Iran Concert Put on Hold

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Videos by American Songwriter

It looks as if Iran’s 30-year ban on foreign musicians is going to have to hold on a little longer. Though spokesmen for native pop group Arian had told Reuters six months ago that their joint performance with Irish singer Chris de Burgh – placed on the bill as the first Western artist allowed to take stage since the 1979 revolution – their worldwide press may have been presumptuous.

It looks as if Iran’s 30-year ban on foreign musicians is going to have to hold on a little longer. Though spokesmen for native pop group Arian had told Reuters six months ago that their joint performance with Irish singer Chris de Burgh – placed on the bill as the first Western artist allowed to take stage since the 1979 revolution – their worldwide press may have been presumptuous. Iran’s Music Office of the Ministry of Culture and Islamic Guidance claim to have never received an official request for the show, much less issued a permit.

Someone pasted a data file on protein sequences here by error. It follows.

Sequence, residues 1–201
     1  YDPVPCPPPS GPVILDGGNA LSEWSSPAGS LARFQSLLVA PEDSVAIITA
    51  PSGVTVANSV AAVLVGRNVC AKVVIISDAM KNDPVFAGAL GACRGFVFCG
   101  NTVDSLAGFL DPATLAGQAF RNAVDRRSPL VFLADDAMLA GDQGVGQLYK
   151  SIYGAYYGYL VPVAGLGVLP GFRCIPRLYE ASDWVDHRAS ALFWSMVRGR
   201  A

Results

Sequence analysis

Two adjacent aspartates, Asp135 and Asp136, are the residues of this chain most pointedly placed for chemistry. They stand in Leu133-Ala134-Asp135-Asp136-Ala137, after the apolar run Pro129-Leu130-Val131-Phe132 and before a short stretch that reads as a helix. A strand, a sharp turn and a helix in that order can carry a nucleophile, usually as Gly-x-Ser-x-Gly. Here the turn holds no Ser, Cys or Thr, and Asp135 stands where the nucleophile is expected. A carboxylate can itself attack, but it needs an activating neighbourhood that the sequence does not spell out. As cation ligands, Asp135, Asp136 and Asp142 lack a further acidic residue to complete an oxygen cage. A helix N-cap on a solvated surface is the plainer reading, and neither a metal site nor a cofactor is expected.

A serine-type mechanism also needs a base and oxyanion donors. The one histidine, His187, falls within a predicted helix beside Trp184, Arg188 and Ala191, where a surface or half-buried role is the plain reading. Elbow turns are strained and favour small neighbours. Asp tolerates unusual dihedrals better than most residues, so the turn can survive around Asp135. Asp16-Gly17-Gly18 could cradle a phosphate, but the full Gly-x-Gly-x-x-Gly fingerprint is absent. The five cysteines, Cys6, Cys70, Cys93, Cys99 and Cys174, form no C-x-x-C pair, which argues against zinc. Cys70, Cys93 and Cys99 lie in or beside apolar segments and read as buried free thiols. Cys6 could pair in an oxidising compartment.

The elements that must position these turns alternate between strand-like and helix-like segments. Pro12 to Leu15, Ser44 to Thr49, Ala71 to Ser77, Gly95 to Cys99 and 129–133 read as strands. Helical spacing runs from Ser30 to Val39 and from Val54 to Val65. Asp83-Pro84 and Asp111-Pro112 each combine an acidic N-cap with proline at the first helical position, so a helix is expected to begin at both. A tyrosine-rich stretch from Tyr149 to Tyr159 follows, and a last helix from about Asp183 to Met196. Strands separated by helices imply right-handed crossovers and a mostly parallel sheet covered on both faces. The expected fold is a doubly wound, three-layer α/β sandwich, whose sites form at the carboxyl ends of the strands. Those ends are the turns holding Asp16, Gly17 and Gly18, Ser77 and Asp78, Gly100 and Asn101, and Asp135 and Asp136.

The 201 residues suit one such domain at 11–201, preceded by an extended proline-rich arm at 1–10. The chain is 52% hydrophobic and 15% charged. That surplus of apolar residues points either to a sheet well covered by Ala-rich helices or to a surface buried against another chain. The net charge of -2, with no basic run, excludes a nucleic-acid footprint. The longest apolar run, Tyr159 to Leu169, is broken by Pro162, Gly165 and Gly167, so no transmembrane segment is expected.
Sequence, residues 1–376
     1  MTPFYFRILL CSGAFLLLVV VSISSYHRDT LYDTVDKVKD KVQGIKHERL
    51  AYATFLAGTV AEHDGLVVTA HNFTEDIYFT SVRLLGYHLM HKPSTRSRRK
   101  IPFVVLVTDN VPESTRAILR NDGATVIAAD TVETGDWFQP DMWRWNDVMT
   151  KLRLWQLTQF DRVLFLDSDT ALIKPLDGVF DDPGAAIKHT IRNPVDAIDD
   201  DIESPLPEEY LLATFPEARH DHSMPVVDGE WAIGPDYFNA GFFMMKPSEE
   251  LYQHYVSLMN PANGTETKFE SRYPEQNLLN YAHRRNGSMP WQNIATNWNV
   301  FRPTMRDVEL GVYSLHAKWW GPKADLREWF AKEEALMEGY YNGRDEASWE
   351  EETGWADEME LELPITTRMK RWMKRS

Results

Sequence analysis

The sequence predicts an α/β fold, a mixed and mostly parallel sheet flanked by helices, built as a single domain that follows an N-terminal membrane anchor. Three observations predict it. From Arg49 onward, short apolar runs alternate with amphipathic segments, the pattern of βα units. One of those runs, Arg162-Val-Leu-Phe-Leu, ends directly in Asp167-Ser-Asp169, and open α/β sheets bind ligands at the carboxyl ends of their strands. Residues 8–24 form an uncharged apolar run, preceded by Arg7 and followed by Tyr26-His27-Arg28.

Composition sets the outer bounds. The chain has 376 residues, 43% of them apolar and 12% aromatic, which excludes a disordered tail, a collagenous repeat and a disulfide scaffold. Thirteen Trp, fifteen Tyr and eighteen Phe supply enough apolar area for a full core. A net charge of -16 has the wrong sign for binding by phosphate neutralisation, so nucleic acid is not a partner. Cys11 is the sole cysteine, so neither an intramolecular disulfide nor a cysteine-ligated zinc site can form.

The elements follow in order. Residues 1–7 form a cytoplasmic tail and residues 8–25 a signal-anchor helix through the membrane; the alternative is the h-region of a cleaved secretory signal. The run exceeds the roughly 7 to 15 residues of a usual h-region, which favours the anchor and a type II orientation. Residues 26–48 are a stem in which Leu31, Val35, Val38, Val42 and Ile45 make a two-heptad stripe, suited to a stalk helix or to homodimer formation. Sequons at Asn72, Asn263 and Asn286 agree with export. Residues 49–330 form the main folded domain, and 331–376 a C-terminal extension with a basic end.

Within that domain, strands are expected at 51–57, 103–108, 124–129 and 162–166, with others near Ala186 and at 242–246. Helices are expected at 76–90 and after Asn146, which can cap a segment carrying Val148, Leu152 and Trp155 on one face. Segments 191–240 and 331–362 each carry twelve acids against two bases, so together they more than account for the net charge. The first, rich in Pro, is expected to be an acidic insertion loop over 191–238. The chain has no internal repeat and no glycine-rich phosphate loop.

As it stands, then, government permission is still pending. Whether this is an all-out block in the form of red tape or merely a staunch ministry’s attempt to point out policy guidelines before the concert ensues isn’t quite clear. Until then, it looks as if Iranians will have to settle for instrumental muzak and black market pop, leaving 12,000 seats at Azadi Indoor Stadium bare for who knows how long.

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